Michael Signer, the Jewish mayor of Charlottesville, has one thing in common with the white supremacists who descended on his southern Virginia city over the weekend: He also opposed the removal of a statue of Confederate Gen. Robert E. Lee.
Of course, Signer’s reasons for preserving the statue would have appalled the supremacists: He agreed with local African-American activists who had argued that preserving the statue was a means of teaching Virginians about the horrors of a “dishonorable” cause, the Confederacy.
Signer was on the losing side of a 3-2 City Council decision, and the statue is now slated for removal. But his thoughtful approach, more typical of an academic than a politician, has also been evident in his counsel during the rash of protests that have plagued this city: “Don’t take the bait,” he has said.
In giving that advice, Signer has noted that for the first time in his life, he has been the target of intense baiting as a Jew.
“I can’t see the world through a black person’s eyes,” he said at a June 13 address at an African-American church, where he urged constituents not to give in to the impulse to counter hatred with hatred.
“I can see it through a Jewish person’s eyes; the KKK hates Jews just as much as they hate black people. The stuff with this group online about Jews is unbelievable, bloodcurdling. The stuff I’ve gotten on my phone at my house, you’d think it was done a hundred years ago.”
Signer, 44, a practicing lawyer in Charlottesville, also lectures on politics and leadership at the University of Virginia, his law school alma mater. His wife, Emily Blout, is an Iran scholar at the same university, which is located here.
An Arlington native, Signer is the child of journalists, but in his author’s autobiography sounds like many other younger liberal Jews who note with pride their grandparents’ working class and intellectual roots:
“My grandfather was a Jeep mechanic for the Army on the European front in World War II and lifetime member of the proofreaders’ union at the New York Times; he lost part of a finger in an industrial accident as a young man,” he wrote. “My grandmother organized seamstresses on her factory floor in New York City and later worked as a secretary to Hannah Arendt at the New School.”
In a January speech declaring Charlottesville “a capital of the resistance,” Signer described his grandfather as a “Jewish kid raised in the Bronx” who was “part of the forces that liberated the world from Nazism and fascism, that laid the groundwork for NATO and the Marshall Plan, and for a country that lived up to the promises of the Statue of Liberty. …
“If he were alive right now, I don’t think I could look him in the face and say Grandpa, I didn’t fight for the values you fought for.”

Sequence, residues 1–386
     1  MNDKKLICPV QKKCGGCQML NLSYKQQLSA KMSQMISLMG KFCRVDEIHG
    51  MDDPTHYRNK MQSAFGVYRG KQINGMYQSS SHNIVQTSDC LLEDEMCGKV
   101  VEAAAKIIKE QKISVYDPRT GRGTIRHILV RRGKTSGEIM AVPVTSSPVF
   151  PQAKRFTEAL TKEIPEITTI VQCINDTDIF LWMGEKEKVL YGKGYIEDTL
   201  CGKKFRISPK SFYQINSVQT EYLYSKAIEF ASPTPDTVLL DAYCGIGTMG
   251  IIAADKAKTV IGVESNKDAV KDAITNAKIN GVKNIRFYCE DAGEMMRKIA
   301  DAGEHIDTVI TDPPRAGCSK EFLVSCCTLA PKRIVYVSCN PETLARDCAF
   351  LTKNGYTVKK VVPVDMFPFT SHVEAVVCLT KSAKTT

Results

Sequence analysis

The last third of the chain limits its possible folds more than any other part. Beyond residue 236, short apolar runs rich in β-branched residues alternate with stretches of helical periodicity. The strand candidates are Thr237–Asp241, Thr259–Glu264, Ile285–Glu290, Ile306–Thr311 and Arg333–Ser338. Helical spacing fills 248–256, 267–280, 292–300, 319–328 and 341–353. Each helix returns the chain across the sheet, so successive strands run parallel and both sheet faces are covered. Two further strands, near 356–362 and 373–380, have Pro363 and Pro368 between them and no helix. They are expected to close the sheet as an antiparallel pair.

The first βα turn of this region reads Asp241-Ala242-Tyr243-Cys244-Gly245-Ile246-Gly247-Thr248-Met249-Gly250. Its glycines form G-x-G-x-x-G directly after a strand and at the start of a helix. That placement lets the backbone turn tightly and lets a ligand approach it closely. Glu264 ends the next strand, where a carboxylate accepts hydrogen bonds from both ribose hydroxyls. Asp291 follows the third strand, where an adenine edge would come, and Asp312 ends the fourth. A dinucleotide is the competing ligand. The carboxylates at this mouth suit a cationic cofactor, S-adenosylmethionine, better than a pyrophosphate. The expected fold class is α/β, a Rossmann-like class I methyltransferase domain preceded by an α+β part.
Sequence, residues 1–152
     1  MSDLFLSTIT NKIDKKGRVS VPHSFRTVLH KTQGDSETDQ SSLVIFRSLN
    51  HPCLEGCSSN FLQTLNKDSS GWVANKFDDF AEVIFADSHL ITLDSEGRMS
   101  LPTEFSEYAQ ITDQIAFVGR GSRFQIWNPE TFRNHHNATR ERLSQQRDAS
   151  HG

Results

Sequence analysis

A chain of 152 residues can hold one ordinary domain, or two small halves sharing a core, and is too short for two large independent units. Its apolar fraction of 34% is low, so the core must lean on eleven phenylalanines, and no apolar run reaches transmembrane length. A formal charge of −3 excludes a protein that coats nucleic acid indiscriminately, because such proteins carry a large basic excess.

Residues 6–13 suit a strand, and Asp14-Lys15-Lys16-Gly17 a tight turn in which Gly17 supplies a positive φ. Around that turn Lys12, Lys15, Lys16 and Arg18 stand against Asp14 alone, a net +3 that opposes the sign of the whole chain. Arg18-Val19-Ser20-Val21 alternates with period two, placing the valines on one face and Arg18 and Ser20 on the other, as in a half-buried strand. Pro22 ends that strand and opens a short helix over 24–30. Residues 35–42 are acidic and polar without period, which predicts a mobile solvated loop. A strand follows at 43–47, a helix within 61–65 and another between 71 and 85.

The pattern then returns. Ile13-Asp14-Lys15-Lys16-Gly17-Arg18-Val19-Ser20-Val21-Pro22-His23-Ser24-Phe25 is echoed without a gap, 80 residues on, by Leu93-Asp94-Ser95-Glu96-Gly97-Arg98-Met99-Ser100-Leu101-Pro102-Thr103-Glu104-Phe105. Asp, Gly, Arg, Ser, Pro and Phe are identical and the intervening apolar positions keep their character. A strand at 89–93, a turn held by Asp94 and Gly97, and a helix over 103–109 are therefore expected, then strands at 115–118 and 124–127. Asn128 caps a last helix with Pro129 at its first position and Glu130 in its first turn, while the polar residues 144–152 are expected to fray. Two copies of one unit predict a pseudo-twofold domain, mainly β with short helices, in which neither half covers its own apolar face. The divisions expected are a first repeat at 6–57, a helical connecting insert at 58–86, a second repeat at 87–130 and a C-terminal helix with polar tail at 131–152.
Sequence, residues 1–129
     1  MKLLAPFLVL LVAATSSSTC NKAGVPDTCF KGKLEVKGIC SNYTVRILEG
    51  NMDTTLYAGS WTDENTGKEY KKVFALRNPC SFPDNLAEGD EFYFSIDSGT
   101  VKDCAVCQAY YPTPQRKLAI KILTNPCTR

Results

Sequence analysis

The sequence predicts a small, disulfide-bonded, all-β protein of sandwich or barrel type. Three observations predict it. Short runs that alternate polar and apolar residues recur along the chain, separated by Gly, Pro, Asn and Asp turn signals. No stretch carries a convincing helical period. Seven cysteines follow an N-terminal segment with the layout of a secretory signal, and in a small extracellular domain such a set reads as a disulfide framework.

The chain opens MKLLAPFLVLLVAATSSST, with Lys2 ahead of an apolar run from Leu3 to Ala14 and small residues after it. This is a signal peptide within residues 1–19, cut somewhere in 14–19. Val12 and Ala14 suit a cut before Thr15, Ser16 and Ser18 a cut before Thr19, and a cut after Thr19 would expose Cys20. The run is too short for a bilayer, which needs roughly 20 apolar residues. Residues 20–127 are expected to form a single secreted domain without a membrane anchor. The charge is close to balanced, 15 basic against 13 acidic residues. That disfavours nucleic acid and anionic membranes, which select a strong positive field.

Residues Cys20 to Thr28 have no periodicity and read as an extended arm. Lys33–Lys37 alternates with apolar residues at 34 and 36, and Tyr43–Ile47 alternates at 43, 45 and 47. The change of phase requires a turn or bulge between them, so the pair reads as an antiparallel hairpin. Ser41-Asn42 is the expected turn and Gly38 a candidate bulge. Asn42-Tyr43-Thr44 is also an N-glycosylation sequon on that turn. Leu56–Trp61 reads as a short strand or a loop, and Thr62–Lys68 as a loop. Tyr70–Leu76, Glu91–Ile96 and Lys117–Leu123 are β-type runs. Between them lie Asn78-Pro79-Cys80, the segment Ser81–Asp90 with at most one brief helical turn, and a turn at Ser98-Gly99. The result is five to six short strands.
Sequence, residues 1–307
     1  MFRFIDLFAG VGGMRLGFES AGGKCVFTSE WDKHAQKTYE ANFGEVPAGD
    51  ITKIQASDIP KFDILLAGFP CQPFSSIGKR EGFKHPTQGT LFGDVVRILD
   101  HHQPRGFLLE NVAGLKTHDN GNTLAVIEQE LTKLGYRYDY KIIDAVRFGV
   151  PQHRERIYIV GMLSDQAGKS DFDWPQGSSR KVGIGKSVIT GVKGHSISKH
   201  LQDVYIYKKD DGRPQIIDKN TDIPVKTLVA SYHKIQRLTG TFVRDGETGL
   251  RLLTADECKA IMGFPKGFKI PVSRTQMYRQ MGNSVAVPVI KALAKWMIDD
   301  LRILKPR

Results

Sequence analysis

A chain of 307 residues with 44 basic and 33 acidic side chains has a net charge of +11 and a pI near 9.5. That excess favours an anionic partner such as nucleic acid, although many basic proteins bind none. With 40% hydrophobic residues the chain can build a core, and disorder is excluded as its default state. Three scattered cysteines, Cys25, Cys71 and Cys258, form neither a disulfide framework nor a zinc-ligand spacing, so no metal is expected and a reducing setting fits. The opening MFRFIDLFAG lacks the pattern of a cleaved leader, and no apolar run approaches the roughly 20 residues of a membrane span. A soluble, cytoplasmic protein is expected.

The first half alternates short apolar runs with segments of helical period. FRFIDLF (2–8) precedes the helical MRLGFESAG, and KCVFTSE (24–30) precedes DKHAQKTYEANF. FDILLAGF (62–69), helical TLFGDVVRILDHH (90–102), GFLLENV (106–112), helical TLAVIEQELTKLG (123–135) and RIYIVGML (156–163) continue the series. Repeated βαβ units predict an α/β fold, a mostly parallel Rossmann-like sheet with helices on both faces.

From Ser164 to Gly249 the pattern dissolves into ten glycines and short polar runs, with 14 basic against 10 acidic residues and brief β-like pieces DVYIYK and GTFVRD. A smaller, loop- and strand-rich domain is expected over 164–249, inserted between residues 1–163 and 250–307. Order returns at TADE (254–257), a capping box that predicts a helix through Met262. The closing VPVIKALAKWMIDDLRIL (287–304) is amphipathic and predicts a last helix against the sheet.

Before becoming mayor, Signer was known both for his activism in the senior reaches of the Democratic Party — he was national security adviser for John Edwards’ 2008 primary campaign — as well as his expertise on a subject that has received much attention recently: demagoguery. His 2009 book, “Demagogue: the Fight to Save Democracy from its Worst Enemies,” was well received.
The book examines successful demagogues left and right: Sen. Joe McCarthy, the 1950s anti-communist firebrand who plagued the American discourse, and Hugo Chavez, the late Venezuelan strongman and leftist, both come under scrutiny. In December 2015, before the presidential primaries, Signer predicted that Donald Trump could become a “singular menace to our Republic.”
Paraphrasing James Fenimore Cooper, Signer wrote then that Trump met all four criteria of an American demagogue: “they posture as men of the common people; they trigger waves of powerful emotion; they manipulate this emotion for political benefit; and they threaten or break established principles of governance.”
Without saying “I told you so” outright, Signer this weekend squarely blamed Trump for stoking the populist white nationalist fervor that culminated in the violence that took the life of one counterprotester, injured dozens of others and led to the death of two state troopers in a helicopter crash. The rally included Nazi flags, chants of “Jews will not replace us,” and shouts of “Jew” every time a speaker mentioned Signer’s name.
“Look at the campaign he ran,” the mayor said on CNN.
Signer elaborated on NBC’s “Meet the Press,” saying of Trump, “I think they made a choice in that campaign, a very regrettable one, to really go to people’s prejudices, to go to the gutter.”
Signer’s tactic has been to organize countering events that celebrate Charlottesville’s diversity, prompting Mark Pitcavage, the senior research fellow at the Anti-Defamation League’s Center on Extremism, to say on Twitter that Signer “gets it.”
Speaking in May on “State of Belief,” a radio show produced by the Interfaith Alliance, Signer said it was more productive to focus on the victim than the perpetrator.
“You’re trying to ease the pain of someone who’s been afflicted rather than focus on the harasser,” he said.
He also described the unfamiliar sensation of being in the position of the afflicted, barraged as he was with online assaults from anti-Semites as the Lee statue issue was put before the council. One tweet, from the account of someone calling themselves Great Patriot Trump, read “I smell Jew. If so, you are going back to Israel. But you will not stay in power here. Not for long.”
“The wave of anti-Semitic attacks I’ve seen in the last week, it’s been a new experience for me, I’ve never seen that before,” Signer said. “Some of the nightmare historical tropes I thought had been retired after World War II” had returned as “more disturbing mashups of politics today and anti-Semitism.”